Nearly half of corporatetrainers say they modify their training practices to cater to GenZ.(Photo: iStock)

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Gen Z isn't like earlier generations, challenging corporatetrainers to find ways to boost their engagement in the workplace.

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That's according to the annual Kahoot! EdTrends Report for Corporate Trainers,which says that, among other things, Gen Z workers “expect the best technology inthe workplace for all purposes.” That can make it tough onemployers who are behind the curve in updating workplace technology, as well as the HRpersonnel who have to train them and keep them engaged.

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Related: 3 ways millennials, Gen Z will pressure benefitcosts

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Nearly half of corporate trainers say they modify their trainingpractices to cater to GenZ, with the top three changes beingprovision of more interactive, hands-on training, gamification of training, and increased usageof mobile devices.

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GenZ isn't shy about saying how they want to be trained, either;62 percent of trainers said GenZ employees prefer using mobileapps, and 48 percent picked online tools. Training with videos andsocial media are also big winners for GenZ workers, with 39 percentand 34 percent of trainers, respectively, choosing theseoptions.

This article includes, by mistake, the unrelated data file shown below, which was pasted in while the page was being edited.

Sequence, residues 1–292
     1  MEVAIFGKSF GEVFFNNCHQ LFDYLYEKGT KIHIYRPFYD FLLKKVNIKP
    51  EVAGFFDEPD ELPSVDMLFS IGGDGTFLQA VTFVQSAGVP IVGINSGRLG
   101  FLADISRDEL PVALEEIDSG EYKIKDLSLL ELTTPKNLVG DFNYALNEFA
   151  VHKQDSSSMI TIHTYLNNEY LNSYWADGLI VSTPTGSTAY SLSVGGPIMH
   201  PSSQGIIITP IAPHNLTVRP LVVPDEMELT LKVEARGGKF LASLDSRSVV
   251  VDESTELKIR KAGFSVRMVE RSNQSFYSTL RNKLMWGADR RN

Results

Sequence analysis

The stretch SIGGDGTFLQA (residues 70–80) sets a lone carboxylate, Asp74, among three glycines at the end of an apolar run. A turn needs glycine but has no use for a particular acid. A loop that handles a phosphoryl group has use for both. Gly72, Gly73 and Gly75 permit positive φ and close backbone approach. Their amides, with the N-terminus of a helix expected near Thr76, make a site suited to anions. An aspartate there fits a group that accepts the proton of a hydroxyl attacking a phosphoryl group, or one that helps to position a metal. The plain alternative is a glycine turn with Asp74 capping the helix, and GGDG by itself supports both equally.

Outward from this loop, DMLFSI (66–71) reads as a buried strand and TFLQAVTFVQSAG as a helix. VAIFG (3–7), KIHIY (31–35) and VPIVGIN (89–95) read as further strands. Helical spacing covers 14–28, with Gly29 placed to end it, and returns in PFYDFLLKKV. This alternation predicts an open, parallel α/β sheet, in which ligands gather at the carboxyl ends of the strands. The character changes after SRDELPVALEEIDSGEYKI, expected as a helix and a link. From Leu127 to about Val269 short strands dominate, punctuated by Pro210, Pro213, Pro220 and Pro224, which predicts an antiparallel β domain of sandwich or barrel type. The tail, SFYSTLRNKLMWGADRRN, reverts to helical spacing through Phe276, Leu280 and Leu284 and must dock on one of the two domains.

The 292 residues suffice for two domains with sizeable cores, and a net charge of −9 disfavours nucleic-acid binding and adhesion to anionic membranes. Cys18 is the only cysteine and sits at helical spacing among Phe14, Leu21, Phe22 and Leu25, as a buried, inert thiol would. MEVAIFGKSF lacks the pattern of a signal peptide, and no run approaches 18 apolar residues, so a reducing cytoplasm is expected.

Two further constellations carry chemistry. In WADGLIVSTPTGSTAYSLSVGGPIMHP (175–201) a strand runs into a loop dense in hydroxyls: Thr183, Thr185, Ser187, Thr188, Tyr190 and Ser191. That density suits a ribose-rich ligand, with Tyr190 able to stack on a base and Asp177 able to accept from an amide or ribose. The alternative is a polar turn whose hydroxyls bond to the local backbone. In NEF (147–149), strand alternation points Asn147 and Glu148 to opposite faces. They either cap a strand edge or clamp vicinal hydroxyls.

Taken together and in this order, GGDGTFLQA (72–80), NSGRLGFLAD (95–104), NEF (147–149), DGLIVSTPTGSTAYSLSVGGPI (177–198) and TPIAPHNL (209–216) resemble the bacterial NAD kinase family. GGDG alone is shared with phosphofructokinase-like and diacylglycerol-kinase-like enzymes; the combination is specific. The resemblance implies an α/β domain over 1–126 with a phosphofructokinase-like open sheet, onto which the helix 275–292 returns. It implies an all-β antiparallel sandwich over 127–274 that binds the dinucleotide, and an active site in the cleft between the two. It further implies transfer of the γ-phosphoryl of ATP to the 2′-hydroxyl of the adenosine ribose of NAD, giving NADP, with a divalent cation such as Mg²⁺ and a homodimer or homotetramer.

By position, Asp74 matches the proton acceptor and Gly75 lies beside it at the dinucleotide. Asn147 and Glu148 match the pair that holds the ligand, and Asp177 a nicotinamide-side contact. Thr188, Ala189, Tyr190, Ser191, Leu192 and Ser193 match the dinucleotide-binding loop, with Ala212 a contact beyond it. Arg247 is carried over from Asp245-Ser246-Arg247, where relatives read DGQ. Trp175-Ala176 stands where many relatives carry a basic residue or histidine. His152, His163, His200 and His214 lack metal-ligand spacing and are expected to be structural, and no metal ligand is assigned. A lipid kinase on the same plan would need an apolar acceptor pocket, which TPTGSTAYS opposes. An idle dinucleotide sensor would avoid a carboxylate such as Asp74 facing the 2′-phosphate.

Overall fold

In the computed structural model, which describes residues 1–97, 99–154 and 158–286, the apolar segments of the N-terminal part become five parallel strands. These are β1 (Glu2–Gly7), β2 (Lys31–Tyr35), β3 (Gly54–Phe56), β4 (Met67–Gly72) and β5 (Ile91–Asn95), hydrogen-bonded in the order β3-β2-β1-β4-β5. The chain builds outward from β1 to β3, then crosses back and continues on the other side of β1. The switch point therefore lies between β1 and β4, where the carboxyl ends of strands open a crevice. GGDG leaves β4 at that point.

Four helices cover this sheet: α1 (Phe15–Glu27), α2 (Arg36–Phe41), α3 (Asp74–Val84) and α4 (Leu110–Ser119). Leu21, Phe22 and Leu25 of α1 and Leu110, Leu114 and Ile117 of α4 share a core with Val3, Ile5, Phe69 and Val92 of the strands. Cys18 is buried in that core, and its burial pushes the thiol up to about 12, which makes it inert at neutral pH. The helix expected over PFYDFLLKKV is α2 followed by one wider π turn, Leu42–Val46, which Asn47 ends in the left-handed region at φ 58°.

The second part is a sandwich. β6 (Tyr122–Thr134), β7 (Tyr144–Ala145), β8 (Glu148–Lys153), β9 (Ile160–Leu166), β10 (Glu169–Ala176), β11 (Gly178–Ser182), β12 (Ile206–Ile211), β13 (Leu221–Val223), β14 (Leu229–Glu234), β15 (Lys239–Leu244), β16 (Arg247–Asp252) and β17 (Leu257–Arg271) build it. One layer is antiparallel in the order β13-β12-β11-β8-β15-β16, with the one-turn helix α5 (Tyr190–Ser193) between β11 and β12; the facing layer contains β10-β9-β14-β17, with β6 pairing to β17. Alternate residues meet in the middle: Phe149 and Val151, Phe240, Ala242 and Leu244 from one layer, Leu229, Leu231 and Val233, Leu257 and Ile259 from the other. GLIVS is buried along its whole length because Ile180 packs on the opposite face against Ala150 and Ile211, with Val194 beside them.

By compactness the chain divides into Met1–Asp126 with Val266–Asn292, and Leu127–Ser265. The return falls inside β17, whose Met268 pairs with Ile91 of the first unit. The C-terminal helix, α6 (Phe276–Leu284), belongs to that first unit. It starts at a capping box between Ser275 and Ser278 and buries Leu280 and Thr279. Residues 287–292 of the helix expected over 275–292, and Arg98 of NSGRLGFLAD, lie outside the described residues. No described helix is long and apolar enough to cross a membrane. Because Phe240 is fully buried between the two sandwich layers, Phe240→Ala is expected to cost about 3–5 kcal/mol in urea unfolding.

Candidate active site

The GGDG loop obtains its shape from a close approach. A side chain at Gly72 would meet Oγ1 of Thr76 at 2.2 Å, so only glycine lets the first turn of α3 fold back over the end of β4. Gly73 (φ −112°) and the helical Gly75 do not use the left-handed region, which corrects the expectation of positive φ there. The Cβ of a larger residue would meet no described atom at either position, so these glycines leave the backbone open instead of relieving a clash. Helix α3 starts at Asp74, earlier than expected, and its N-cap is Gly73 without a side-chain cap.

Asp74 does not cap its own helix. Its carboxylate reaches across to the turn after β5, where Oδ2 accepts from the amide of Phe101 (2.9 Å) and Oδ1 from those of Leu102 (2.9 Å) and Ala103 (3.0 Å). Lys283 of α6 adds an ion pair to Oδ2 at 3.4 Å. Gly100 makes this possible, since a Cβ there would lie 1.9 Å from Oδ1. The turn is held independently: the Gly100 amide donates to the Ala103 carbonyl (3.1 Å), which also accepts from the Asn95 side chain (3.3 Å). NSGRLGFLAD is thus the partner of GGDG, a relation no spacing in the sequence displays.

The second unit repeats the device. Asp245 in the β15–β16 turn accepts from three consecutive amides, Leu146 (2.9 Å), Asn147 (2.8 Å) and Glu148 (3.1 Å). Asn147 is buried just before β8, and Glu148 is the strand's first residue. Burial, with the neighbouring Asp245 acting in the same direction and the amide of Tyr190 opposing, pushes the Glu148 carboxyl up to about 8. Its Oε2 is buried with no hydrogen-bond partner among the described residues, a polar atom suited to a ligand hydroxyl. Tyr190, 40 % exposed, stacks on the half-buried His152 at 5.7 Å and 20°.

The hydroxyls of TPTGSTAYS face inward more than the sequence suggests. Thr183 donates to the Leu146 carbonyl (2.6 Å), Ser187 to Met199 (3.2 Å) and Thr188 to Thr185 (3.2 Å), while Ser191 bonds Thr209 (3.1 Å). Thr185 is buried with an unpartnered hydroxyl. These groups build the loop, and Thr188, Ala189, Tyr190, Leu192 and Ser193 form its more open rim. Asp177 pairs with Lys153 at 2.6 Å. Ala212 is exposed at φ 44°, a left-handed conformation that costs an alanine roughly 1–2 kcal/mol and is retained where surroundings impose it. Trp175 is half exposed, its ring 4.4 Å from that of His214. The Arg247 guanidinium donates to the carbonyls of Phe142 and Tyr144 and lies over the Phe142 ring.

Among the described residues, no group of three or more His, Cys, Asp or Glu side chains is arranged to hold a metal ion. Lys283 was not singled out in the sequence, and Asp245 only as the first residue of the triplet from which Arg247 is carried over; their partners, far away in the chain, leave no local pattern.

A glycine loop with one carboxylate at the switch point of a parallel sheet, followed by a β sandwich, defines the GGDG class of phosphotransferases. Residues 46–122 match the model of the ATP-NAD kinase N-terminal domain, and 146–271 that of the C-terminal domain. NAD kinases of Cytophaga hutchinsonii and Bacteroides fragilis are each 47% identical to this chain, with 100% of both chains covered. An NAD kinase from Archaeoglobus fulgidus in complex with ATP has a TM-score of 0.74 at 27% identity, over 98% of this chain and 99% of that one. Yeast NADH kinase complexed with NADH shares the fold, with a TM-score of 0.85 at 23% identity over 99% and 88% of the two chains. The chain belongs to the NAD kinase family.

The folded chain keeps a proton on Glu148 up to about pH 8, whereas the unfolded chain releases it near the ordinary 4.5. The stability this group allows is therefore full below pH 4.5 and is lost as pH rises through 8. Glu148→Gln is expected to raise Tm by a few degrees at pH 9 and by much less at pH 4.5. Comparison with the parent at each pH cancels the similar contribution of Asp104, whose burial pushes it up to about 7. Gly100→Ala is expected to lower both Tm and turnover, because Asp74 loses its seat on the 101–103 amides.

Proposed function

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Still, traditional training methods—in classrooms—are still bigwith corporate trainers, despite the fact that even half ofnon-GenZ workers saying that they'd rather be trained viagamification or game-based learning methods. In addition, 42percent say they want to be trained on the job, thus favoringhands-on learning.

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Non-GenZ workers also said they'd like to change companytraining methods to include more hands-on and interactive training,flexibility in training and more time for training.

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Even the way trainers measure training results is evolving.According to the report, trainers are coming up with moresophisticated ways of measuring learning outcomes, with a total of72 percent saying they measure either by using reports andanalytics, through a Learning Management System, or some other way.But that group lags behind the percentage of trainers (85 percent)that use information measurement methods, such as conductingsurveys or informal discussions.

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Marlene Satter

Marlene Y. Satter has worked in and written about the financial industry for decades.